1964: "The House of the Rising Sun," The Animals

Weeks at No. 1: Sept. 5-19

Written by: Traditional folk song

Interesting fact: The Beatles ruled 1964, but their longest-charting hits at No. 1 -- "I Want To Hold Your Hand," "She Loves You" and "Can't Buy Me Love" -- covered February through early May.

Happening in the summer of 1964: President Lyndon B. Johnson signs the Civil Rights Act of 1964; the United States sends 5,000 more military advisers to South Vietnam (American forces now number 21,000); Mel Brooks and Anne Bancroft marry in New York City; Shea Stadium hosts its first football game.

1965: "(I Can't Get No) Satisfaction," the Rolling Stones

Weeks at No. 1: July 10-31

Written by: Mick Jagger and Keith Richards

Interesting fact: Can you imagine this classic being your first No. 1 hit? "Satisfaction" accomplished that feat in the United States for the Rolling Stones. In 2004, the magazine Rolling Stone placed it as No. 2 on its list of the 500 Greatest Songs of All Time (No. 1: Bob Dylan's "Like a Rolling Stone"). Your two words to take away from this sentence: "rolling" and "stone."

Happening in the summer of 1965: The band the Doors forms in Los Angeles; the first images from Mars are successfully transmitted to the U.S.; Bob Dylan goes electric at the Newport Folk Festival; President Lyndon Johnson signs the Social Security Amendments of 1965; "Harry Potter" author J.K. Rowling is born.

1966: "Summer in the City," The Lovin' Spoonful

Weeks at No. 1: Aug. 13-27

Written by: John Sebastian (the group's founder); Mark Sebastian (John's brother, not in the band); Steve Boone (the group's bassist)

Interesting fact: The car horn you hear? That's from a Volkswagen Beetle. The most expensive 1966 Beetle on eBay right now has an asking price of $18,999 -- or best offer.

Happening in the summer of 1966: The National Organization for Women is founded; Johnson signs the Freedom of Information Act; actor Montgomery Clift and comedian Lenny Bruce die; groundbreaking takes place for the World Trade Center in New York City.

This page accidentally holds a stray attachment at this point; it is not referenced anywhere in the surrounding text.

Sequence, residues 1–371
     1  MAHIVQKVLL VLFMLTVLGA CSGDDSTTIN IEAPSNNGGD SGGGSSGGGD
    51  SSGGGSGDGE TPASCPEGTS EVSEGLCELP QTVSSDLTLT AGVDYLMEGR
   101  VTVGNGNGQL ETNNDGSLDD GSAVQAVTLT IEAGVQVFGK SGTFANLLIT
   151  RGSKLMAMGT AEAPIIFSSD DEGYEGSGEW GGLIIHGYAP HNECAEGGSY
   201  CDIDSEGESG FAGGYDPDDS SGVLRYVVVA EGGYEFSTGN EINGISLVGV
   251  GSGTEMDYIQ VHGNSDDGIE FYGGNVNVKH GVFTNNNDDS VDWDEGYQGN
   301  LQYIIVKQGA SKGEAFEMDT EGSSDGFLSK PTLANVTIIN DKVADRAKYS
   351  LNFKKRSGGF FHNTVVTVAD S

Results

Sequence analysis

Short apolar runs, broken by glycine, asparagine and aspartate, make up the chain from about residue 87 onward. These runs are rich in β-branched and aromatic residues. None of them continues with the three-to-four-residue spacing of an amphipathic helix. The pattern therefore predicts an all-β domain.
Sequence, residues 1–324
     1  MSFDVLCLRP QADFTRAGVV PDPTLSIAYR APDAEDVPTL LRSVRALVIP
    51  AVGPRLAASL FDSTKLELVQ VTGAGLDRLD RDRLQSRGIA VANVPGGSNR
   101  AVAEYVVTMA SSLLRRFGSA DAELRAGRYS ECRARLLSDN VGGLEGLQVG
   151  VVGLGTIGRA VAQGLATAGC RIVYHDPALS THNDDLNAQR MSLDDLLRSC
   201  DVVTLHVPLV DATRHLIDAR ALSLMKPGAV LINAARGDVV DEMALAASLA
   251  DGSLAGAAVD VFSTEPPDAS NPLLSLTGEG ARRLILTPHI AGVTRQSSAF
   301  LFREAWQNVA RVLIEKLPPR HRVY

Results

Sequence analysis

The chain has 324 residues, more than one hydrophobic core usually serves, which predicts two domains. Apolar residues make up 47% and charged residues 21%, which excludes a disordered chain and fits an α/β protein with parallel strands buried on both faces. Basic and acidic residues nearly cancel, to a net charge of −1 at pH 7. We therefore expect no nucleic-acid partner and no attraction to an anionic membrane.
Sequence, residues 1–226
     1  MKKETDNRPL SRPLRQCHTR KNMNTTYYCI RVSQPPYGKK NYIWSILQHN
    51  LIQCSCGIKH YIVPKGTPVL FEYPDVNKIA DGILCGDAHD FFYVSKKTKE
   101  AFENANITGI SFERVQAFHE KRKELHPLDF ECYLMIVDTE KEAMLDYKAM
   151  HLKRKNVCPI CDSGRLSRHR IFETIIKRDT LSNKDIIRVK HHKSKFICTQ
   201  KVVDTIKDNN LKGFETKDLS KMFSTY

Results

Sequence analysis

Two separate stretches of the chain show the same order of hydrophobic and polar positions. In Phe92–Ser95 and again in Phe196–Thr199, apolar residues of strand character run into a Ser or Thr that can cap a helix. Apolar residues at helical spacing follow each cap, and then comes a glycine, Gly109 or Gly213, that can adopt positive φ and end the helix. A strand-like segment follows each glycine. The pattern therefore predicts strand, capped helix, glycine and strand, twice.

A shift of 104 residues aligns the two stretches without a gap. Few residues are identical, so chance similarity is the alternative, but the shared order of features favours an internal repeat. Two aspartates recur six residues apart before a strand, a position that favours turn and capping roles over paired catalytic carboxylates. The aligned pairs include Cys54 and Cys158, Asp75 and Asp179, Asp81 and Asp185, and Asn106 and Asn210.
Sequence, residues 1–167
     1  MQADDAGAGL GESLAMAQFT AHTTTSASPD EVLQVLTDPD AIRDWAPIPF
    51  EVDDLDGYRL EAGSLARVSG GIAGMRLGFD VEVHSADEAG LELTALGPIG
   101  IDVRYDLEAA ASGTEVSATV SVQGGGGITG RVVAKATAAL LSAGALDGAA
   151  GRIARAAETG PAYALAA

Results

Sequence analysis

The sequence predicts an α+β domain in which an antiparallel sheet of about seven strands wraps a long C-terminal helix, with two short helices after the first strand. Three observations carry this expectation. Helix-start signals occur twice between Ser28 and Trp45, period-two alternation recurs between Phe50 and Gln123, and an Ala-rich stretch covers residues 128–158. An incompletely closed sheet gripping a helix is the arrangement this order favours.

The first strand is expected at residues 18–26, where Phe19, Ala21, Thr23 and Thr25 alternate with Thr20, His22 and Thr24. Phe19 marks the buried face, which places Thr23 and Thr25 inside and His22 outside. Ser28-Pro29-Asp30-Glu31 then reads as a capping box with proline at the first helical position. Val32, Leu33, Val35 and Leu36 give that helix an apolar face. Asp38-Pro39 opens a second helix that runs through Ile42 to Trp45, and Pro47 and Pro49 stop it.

1967: "Windy," The Association

Weeks at No. 1:July 1-22

Written by: Ruthann Friedman, who first performed on a televised talent show when she was 12.

Interesting fact: Friedman was just 23 when this song was released and it became The Association's second No. 1 hit, after "Cherish."

Happening in the summer of 1967: The U.S. Supreme Court declares that all laws prohibiting interracial marriage are unconstitutional; the final episode of the "The Fugitive" airs on ABC; Thurgood Marshall is confirmed as the first African-American justice of the U.S. Supreme Court.

1968: "People Got to Be Free," The Rascals

Weeks at No. 1: Aug. 27-Sept. 14

Written by: Group members Felix Cavaliere and Eddie Brigati

Interesting fact: In a 1970 Rolling Stone article, the band said the song was inspired by them being harassed by strangers for their hippie-esque appearances when their tour van once broke down.

Happening in the summer of 1968: Soap opera "One Life to Live" premieres; the so-called Catonsville Nine enter the Selective Services offices in the Baltimore suburb and burn draft records with napalm; Pope Paul VI publishes a condemnation of birth control; Richard Nixon is nominated for president at the Republican National Convention.

1969: "In the Year 2525," Zager & Evans

Written by: Rick Evans

Weeks at No. 1: July 12-Aug. 16

Interesting fact: Man, people in the late 1960s had a bleak vision of the future (translation of this song: We're all screwed). The band never had another hit -- or even had another song on the chart at all. The duo disbanded in 1971.

Happening in the summer of 1969: The Stonewall riots in New York City launch the modern gay rights movement in America; the first U.S. troop withdrawals are made from Vietnam; Apollo 11 lands on the moon and Neil Armstrong takes his first steps; the Beatles are photographed crossing Abbey Road; followers of Charles Manson murder actress Sharon Tate and four others at her home, and murder two others the following day.